“Like most invasion games football is a simple game to play but complex when taught. Though the aim of the game is to simply place the ball in a goal which is deep in the opposition territory, the top players must be agile and fit and possess high levels of technical ability” Alan Launder.
For many years now most notably in England, the traditional ways of coaching youth football have been to first teach the skill and then play. What this has meant for football in this country is that not enough players are being produced with tactical awareness and decision making skills compared to rest of Europe. However, a tactical games approach offers football coaches a different way of coaching youth football. This approach focuses on developing the learners understanding of the game first then how to apply the skills within a game. This approach has been in place since the early 1980s which show partial evidence that teaching tactics in modified situations before teaching skills will transfer the most to actual game situations (Silverman, 1997).
Since the games for understanding model was introduced by Thorpe & Bunker (1982) it has generated extensive research interest because of how it can facilitate various aspects of teaching and coaching. The tactical games approach has the potential to, (a) aid the development of technical skills, (b) encourage the development of tactical knowledge; (c) assess the tactical transfer across games and, (d) to produce ways of assessing game performance (Turner, 1996).
In this post, we will explore other aspects that are important for developing creative youth football players.
” In order to teach good decision making it is important to teach key concepts within game situations” Stephen Mitchell.
Choosing Your Style of Play!
For many years, coaches have been jumping on the next new style of play and focusing all their efforts trying to ‘copy’ the exact style. Now there is nothing wrong with stealing ideas from other coaches, in fact, I promote it but you cannot expect to see your players playing the same style of football.
When coaching youth football players you will need to develop your own style of play. When developing your style of play a coach should first focus all their efforts in producing players who are skilful enough to play it. This doesn’t mean focusing on attacking players but all players having high levels of skill.
“It is vitally important that high levels of individual skill should be availible from all positions – the more the skills availibe; the more the playing options become avalible throughout the team!” John Cartwright
A coach shouldn’t just focus on either playing a short or long passing style of play. As coaches, we should look to develop a good mixture of both because this allows our youth football players the chance to play either short or long depending on the circumstances of the game. This is where the player’s decision making comes into practice. Player’s with good decision making and high levels of skill should be able to adopt either playing style and implement it in the game.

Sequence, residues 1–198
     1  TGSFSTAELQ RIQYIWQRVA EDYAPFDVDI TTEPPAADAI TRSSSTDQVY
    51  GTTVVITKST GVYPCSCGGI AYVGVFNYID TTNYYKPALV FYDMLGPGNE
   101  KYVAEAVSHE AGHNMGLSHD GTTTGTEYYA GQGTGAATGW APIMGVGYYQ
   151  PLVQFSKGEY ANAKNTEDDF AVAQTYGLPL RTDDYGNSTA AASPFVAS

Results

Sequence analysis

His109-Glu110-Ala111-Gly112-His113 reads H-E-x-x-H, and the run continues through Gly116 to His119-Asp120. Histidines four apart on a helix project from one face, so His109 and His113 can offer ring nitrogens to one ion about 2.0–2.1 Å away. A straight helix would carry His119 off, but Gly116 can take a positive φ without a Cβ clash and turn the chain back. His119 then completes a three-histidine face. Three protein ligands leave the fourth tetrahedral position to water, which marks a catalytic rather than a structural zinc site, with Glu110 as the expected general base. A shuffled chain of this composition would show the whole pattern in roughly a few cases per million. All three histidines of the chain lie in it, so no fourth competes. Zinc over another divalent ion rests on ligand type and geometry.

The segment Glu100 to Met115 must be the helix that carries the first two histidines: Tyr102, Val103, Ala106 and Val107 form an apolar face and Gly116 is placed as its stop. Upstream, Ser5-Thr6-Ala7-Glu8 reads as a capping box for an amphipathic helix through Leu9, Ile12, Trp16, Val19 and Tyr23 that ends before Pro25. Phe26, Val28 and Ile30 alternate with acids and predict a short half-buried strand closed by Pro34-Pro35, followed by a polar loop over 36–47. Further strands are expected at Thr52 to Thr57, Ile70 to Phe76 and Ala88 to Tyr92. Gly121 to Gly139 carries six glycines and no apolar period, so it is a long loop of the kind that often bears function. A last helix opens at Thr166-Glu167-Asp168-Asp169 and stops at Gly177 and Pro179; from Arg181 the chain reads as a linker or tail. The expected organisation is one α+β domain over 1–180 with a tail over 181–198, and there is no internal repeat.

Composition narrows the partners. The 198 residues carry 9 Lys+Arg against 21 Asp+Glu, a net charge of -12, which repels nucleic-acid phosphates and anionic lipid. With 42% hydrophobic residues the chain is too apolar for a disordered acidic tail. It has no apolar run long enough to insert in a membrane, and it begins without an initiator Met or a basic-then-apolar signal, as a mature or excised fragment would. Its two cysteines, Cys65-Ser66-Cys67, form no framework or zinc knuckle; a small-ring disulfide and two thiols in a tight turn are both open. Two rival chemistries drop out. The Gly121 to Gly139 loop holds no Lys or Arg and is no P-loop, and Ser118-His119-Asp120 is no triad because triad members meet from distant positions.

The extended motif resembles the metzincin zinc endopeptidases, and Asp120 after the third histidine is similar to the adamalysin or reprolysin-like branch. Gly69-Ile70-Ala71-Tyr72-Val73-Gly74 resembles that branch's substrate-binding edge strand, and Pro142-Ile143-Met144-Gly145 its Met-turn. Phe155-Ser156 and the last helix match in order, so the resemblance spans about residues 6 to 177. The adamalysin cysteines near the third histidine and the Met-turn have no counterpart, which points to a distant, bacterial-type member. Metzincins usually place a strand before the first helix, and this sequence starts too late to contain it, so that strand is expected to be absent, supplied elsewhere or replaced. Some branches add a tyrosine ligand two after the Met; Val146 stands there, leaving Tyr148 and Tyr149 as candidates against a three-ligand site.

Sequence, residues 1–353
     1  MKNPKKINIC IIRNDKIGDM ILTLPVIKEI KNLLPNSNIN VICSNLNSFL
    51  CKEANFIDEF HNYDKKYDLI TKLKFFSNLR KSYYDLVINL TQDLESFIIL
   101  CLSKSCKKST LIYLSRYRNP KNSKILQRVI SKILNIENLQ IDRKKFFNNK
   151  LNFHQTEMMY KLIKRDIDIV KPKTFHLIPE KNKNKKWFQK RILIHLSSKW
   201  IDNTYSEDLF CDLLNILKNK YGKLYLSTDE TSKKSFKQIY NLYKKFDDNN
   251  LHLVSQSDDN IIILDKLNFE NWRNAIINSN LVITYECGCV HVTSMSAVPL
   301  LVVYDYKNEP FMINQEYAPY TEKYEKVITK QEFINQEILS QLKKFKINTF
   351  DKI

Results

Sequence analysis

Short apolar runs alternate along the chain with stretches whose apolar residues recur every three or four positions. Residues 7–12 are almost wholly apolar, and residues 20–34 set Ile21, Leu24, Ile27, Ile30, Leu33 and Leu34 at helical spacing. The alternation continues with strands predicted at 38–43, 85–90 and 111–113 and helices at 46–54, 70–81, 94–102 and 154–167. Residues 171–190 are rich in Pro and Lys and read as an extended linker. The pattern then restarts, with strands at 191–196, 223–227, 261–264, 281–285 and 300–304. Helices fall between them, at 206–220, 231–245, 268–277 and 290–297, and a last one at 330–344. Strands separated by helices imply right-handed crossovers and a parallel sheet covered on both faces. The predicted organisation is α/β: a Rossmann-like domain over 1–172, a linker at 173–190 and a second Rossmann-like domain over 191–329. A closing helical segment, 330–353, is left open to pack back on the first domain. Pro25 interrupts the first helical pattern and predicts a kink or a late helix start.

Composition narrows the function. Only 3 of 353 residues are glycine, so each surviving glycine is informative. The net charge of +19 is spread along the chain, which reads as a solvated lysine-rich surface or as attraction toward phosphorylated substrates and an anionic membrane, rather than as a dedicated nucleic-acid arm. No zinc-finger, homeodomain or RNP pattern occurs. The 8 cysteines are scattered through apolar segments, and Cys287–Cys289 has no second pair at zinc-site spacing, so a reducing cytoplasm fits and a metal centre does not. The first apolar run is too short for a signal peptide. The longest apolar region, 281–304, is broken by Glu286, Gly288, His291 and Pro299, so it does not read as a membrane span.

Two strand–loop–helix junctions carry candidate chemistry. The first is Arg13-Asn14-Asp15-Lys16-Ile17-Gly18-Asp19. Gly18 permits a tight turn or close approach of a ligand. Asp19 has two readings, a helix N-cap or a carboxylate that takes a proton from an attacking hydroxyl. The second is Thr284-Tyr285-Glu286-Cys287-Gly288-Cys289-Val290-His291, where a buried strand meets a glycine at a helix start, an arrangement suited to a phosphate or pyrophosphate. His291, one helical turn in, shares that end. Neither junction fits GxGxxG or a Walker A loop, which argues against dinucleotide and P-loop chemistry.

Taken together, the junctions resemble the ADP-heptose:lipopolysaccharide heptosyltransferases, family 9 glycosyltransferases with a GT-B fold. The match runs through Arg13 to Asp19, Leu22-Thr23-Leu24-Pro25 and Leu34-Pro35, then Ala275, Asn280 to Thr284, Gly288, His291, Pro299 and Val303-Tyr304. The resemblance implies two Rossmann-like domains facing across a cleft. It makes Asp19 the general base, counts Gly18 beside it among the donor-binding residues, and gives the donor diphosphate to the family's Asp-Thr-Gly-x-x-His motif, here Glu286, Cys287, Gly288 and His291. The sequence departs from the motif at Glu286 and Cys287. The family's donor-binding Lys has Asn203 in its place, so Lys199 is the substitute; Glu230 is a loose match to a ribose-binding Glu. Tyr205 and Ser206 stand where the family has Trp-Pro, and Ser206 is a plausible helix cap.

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A Youth Football Player's Role!
A coach should never restrict a young football player to one position on the field throughout their playing career. Youth football players must be developed to play in different positions to increase their understanding of the game.
Have you ever wondered why players from other Europian countries seem to find it easier to play in different role's or positions than English players? When it comes to the English national side, we cause an uproar if one of our players are in a different position or role to what they are used to but it is a normal occurrence with other national sides.
Let me make it clear that we cannot expect players to be comfortable in every position but they should be multi-functional and able to play in at least 2-3 different roles if required. This allows the team to adopt different styles if required not limiting your side to one playing style.
"Young talent must be developed to play different game-styles with differing positional roles to increase their understanding and all around playing quality" John Cartwright.
Development First, Winning Second!
It is understandable why many youth coaches lean towards coaching to win a game rather than coaching to play the right way. Coaches find it easier and less risky, often deploying tactics which hinder the player's development such as forcing them to play it long at every opportunity or always giving the ball to the best player.
Encouraging your player's to play well will create more mistakes in the game but it will also show the coach new solutions to old problems. Playing to only win the game means you restrict your players to already known skills that are important for winning (kick and rush, pressing etc) (Wein,2007). This will only limit your player's long-term development, nullifying their skill and creativity.
"Winning is only a consequence of playing well. That is why every player has only to try to give his or her very best. The result will fall like a ripe fruit falls from a tree" Horst Wein.
It is important to have an idea of how you want to play the game. When you have a vision you can create the steps to achieving your vision. This will help create your football curriculum that should help accelerate your football player's progress.
In order to create great football players, we have to be prepared to take risks. Our young players also need to learn in an environment which will allow them to play with expression to unlock their full potential.
It is very hard to know where a young player's best position will be when they become an adult. It is important that a coach gives his or her player's the opportunity to experience different positions to broaden their understanding of the game.
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